Whether you are seeking a nature-filled mindfulness practice, or just looking to untether from your devices for a while, Forest Bathing may be the perfect activity to add to your weekend docket (no swimsuit required!)
What is Forest Bathing?
The idea of Forest Bathing originates from a Japanese practice called shinrin-yoku. “Shinrin” means “forest” and “yoku” means “bath,” but it’s not as literal as you might guess. The phrase metaphorically translates to “bathing in the forest atmosphere,” or walking slowly through nature and connecting with the natural environment through your five senses.
The practice is different from hiking or exercising, and more closely resembles meditation. It requires a slow and deliberate pace because “exercise increases heart rate, and adrenaline introduces a stress hormone.” Therefore, the stress-reducing benefits of Forest Bathing deteriorate as your pace increases.
How Do You Do It?
- Locate a forest, wooded area, or lightly trafficked area immersed in nature.
- Turn off your devices or, better yet, leave them at home. The goal is to be uninhibited from fully experiencing what is happening around you.
- Slow your movement to a mindful pace - notice the feelings and sounds created by each step forward.
- Turn to your breathing, taking deep breaths into your abdomen. If you can, try box breathing - a four count inhalation, a four count hold at the top of the breath, a four count exhalation, and a four count hold at the bottom of the breath. (Fun fact: The Special Forces are taught to use box breathing or four square breathing to help control their thoughts and emotions when faced with challenging situations.)
- Turn your awareness to your eyes, ears, and nose - do you see or hear wildlife? What do you smell?
- As you continue walking slowly and breathing deeply, try noticing the smallest details in nature. Look closely at the trees, leaves, animals, or the forest floor.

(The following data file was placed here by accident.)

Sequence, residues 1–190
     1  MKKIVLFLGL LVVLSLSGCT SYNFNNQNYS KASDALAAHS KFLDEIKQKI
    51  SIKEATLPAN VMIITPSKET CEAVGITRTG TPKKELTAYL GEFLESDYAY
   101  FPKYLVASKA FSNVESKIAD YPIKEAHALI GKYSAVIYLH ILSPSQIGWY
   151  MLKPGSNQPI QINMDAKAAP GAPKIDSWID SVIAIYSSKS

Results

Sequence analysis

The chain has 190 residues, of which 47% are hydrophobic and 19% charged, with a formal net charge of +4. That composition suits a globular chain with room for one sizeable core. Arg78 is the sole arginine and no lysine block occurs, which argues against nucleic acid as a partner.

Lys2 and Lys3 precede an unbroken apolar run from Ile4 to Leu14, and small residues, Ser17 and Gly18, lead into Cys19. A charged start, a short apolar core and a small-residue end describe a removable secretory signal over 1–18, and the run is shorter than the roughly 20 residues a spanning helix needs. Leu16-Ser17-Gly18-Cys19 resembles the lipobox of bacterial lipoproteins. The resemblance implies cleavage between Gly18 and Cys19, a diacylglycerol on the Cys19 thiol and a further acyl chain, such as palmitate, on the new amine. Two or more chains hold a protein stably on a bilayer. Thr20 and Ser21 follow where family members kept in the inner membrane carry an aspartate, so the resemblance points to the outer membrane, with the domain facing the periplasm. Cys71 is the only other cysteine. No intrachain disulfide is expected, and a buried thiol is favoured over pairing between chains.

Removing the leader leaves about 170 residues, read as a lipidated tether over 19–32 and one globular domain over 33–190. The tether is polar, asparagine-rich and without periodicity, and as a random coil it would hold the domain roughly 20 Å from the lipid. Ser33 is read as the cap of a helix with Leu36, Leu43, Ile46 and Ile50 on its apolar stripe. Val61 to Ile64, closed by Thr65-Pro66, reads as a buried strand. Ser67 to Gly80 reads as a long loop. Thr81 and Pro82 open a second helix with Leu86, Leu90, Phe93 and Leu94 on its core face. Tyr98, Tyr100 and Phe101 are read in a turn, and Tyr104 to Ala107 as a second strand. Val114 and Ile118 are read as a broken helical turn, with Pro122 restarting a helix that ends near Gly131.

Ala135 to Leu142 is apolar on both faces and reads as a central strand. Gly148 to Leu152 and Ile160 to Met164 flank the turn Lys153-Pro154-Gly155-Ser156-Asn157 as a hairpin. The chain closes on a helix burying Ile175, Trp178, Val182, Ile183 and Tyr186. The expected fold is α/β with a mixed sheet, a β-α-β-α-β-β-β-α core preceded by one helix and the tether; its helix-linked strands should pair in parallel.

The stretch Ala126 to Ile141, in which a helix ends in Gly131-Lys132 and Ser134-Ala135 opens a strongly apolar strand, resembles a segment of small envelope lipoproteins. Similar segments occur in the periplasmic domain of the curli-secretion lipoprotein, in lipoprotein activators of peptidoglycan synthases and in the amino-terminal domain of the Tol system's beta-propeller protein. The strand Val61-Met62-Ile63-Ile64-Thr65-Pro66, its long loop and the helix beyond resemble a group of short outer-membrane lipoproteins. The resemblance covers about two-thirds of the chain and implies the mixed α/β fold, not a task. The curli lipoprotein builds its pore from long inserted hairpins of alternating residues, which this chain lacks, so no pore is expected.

- Stay in the moment for as long as possible. Two hours is the recommended time for the full Forest Bathing experience.
Why Forest Bathe?
A variety of studies conducted by Japanese scientists have proven the effectiveness of Forest Bathing as a method of stress reduction. According to the study, “the forest bathing program significantly reduced pulse rate… and decreased the scores for depression, fatigue, anxiety, and confusion.” A small Japanese study conducted in 2009 suggested a positive correlation between inhaling tree-derived compounds (phytoncides) and the decrease in stress hormone concentration in men and women, as well as enhanced white-blood cell activity.
The Environmental Protection Agency found that the average American spends 93% of his or her time indoors - devastating thought, right? This new age of indoor living causes a disruption in the Human-Nature connection. By opening our senses during Forest Bathing, we are able to bridge the gap between ourselves and the natural world around us.
Want to learn other ways of practicing mindfulness in the great outdoors? Check out the "Mindfulness in the Outdoors" blog written by mindfulness student, Marcy Laufer here.
Stuck inside and want to bring nature to you? Learn how architects are turning our indoor spaces into nature-filled oases as a method of connecting humans back to nature.